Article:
Mahomes the Magnificent

Could the Chiefs actually reach the Super Bowl? With Patrick Mahomes, anything’s possible.



Patrick Mahomes Playing on Field

All Photos Courtesy of The Kansas City Chiefs


You hear the conversations everywhere: in the produce aisle, in the next booth over at a restaurant, in line at the post office. With each game, with each absurdly good performance, how can you keep quiet when what you’re seeing is so unprecedented? 

 

Since September the most popular topic between friends, and even strangers, is the Chiefs. And most notably, they can’t stop marveling at the wunderkind quarterback who is setting all kinds of records. 

 

Patrick Mahomes has quickly asserted himself as the face of the franchise, the most dynamic player in the NFL, and a sure-fire MVP candidate. The Chiefs traded up to get him in the 2016 NFL Draft, and their faith in him has been rewarded in ways even they couldn’t have foreseen this early. Mahomes is obviously blessed to have offensive weapons around him that are perfectly tailored to his singular talent. But all great teams revolve around their quarterbacks, and the Chiefs at long last have drafted a total stud that not only can, but should carry them to a Super Bowl – if not this year, then for many years to come. Heck, nobody’s been able to really stop him yet.

 

“I’ve been watching Mahomes for a few years now, and I remember going back to when he was coming out and I was doing some draft coverage. I described watching Mahomes as kind of a guilty pleasure,” ESPN analyst and former NFL quarterback Greg McElroy says. “And as someone that really loves the quarterback position and studies the quarterback position, there were things that he did that just didn’t make sense from a physics standpoint. Like, there’s no reason why you should be able to throw that ball the way you just did under those circumstances. He could do things that you just couldn’t wrap your head around, and it wasn’t all good, by the way. There were some bad things in there too! 

 

“But he was remarkable, and it’s really not surprising to me, because now he’s refined his craft just a little bit and having a redshirt year in the NFL has really benefited him as well. You see the gunslinger mentality hasn’t left him, but his understanding of situations and understanding of what the team needs from him has improved drastically. It’s been a joy to watch.”

 

One such play that had everybody in the sports world buzzing was in the Monday Night Football game in Denver against the Broncos on Oct. 1. Down 23-13 in the fourth quarter, Mahomes threw a touchdown pass to Travis Kelce to get within a field goal. Then the Chiefs got the ball back, and with a little more than three minutes remaining on a third-and-5 play, Mahomes scrambled to his left and completed a pass to Tyreek Hill for a first down – left-handed. It was like Michael Jordan switching hands in midair in the 1991 NBA Finals for the Bulls against the Lakers, only this time the degree of difficulty athletically seemed like it was even higher.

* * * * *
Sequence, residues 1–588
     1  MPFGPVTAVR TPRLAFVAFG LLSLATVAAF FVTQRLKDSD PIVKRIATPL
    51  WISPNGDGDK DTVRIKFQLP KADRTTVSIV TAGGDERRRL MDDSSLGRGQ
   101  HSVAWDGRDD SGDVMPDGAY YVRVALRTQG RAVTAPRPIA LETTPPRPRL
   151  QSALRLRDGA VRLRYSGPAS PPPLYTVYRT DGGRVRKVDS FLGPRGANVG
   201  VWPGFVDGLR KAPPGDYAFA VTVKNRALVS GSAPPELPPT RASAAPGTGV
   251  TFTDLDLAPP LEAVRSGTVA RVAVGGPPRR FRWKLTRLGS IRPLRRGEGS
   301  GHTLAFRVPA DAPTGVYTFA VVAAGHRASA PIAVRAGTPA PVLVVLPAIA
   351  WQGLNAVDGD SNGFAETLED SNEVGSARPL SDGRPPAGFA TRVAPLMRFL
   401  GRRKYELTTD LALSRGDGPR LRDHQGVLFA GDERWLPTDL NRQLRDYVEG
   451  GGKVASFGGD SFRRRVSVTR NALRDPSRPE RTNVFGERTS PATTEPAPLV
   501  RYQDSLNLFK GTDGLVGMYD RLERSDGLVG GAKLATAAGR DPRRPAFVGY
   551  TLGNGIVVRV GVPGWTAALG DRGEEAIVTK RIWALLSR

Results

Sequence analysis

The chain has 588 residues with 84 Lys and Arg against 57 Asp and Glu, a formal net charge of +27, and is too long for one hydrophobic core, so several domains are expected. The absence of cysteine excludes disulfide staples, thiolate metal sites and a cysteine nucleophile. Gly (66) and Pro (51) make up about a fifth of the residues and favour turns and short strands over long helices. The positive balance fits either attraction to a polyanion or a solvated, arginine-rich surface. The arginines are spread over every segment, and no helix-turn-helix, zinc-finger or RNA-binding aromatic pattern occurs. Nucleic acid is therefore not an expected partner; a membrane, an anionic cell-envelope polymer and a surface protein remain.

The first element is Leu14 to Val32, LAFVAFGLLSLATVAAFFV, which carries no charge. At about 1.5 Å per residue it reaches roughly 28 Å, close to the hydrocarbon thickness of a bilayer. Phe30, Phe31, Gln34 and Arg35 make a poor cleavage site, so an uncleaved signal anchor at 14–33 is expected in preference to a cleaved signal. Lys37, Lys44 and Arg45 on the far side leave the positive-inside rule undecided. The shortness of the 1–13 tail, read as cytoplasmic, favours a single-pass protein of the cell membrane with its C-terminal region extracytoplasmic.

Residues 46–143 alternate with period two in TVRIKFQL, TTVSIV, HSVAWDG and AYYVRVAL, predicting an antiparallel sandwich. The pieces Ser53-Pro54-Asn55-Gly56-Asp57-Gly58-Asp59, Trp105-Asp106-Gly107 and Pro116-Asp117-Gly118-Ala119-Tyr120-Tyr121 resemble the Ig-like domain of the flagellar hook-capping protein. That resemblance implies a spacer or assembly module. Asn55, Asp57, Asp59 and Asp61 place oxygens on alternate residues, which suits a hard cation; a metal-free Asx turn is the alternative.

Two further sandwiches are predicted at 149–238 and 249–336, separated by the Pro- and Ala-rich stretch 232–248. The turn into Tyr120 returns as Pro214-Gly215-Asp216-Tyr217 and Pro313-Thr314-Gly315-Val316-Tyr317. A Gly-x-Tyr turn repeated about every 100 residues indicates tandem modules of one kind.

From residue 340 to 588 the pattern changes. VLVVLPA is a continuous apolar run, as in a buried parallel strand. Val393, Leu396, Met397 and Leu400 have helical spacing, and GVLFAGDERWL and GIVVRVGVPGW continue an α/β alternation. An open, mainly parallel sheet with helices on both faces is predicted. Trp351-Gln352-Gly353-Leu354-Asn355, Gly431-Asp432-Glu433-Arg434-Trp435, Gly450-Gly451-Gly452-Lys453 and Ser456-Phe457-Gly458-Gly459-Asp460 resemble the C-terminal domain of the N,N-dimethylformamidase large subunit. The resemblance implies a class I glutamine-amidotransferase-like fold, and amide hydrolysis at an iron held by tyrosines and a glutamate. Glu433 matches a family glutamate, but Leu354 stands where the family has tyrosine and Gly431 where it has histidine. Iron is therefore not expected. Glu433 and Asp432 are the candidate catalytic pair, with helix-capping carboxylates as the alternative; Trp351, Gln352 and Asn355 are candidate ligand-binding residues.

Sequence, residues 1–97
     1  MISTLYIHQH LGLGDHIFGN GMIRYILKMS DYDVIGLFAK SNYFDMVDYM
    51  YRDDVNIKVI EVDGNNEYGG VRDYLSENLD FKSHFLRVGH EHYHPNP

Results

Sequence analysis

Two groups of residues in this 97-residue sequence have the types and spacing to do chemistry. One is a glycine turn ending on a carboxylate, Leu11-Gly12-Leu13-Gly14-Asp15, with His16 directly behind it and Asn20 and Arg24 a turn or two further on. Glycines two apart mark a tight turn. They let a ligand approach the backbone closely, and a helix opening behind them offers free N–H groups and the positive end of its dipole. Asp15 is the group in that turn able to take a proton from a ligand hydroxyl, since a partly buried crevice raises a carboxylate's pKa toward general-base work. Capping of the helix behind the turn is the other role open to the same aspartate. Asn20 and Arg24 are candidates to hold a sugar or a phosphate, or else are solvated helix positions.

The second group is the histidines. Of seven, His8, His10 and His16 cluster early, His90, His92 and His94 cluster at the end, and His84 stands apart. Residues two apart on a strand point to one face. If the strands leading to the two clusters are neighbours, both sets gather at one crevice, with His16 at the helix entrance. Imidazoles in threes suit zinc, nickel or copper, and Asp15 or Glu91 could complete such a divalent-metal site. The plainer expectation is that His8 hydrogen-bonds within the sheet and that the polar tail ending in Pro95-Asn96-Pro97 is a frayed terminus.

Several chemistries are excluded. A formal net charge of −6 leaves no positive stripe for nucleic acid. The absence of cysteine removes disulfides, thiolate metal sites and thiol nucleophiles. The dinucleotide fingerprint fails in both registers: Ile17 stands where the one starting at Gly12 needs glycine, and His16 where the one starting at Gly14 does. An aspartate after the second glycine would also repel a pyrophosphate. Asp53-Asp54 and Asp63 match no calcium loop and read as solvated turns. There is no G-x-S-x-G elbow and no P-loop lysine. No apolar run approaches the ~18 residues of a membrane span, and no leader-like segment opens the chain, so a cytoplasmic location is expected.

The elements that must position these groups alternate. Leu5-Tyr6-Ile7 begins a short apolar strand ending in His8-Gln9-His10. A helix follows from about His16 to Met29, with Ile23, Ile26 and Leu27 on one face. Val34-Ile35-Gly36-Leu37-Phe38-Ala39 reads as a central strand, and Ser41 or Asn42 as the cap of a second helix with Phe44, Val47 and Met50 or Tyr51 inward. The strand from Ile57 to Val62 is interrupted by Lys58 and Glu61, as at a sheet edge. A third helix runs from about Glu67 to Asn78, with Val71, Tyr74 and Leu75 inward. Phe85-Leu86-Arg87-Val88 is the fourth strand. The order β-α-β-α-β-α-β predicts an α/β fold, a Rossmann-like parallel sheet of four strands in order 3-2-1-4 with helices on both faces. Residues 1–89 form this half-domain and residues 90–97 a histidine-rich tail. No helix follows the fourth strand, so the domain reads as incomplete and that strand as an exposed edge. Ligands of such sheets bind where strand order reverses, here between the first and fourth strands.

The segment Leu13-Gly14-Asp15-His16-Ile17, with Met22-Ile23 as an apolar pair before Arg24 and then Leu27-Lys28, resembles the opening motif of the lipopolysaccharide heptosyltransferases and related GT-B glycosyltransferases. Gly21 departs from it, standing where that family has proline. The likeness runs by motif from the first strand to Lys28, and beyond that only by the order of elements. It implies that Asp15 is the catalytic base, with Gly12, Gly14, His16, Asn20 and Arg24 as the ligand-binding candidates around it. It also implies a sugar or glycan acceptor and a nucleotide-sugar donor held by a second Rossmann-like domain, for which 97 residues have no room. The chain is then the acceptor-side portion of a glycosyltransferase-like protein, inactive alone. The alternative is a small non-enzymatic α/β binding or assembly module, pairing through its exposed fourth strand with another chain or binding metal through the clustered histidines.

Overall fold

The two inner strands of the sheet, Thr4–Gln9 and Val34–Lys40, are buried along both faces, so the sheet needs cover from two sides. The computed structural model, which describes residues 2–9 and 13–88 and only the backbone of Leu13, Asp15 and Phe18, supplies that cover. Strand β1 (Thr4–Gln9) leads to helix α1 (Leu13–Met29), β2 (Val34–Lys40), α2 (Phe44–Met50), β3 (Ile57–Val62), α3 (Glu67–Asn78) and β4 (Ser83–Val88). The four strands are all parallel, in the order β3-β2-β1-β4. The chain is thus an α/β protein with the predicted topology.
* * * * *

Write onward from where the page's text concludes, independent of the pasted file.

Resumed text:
As insane as that sequence was, Mahomes nonchalantly said that was really the only way he could make the play, much to everyone’s astonishment. Seven plays later, the Chiefs scored the winning touchdown to beat the Broncos 27-23.

 

Patrick Mahomes Walking on Field after Game

 

But it’s the stuff in between his ambidextrous display and the touchdown in that drive that also separates Mahomes from his peers. One of the bugaboos with this Chiefs team has been the number of penalties they incur, and they found themselves in a 2ndand 30 from their own 31-yard line. Mahomes’ Chiefs share striking similarities to the Royals teams that made back-to-back World Series in that no situation is too daunting for them and they don’t seem to be rattled by anything. So what if it’s a 2ndand 30? Who cares? Mahomes would later complete passes of 23 and 35 yards to get the first down, keep the drive going, and ultimately win the game.

 

The 23-year-old from Texas Tech has made a weekly habit of making stat geeks check the record books in just his first full season. Team records are falling fast; Mahomes only needed 12 games to set the franchise single-season record for touchdown passes. 

 

But Mahomes has broken numerous NFL records too. His 10 touchdown passes in his first three games of 2018 and 31 touchdown passes in his first 10 games of 2018 are new records. He was the first quarterback to throw for more than 3,000 yards in his first 10 games as a pro. He tied Andrew Luck’s single-season record of most consecutive 300-yard passing games with eight. He only needed 13 games to throw for 4,000 yards and 40 touchdowns, faster than any quarterback in NFL history, and he would finish the regular season with a mind-boggling 5,079 yards and exactly 50 touchdowns. Only Peyton Manning in 2013 has eclipsed the 5,000 yard, 50-touchdown plateau before. 

 

Due to Mahomes’ next-level virtuosity, the Chiefs scored the third-most points in NFL history with 565.

 

“To see the reaction after the first three weeks, people kept trying to be like, ‘No, he’s hot right now, but he’ll come back down to earth.’ Sure enough, he goes out and not only does what he did the week before, but surpasses in a lot of ways what he did the week before,” McElroy says. “I think just seeing people becoming more and more knowledgeable about him, what we’ve all kind of known at the college level for a few years, has been really fun to watch.”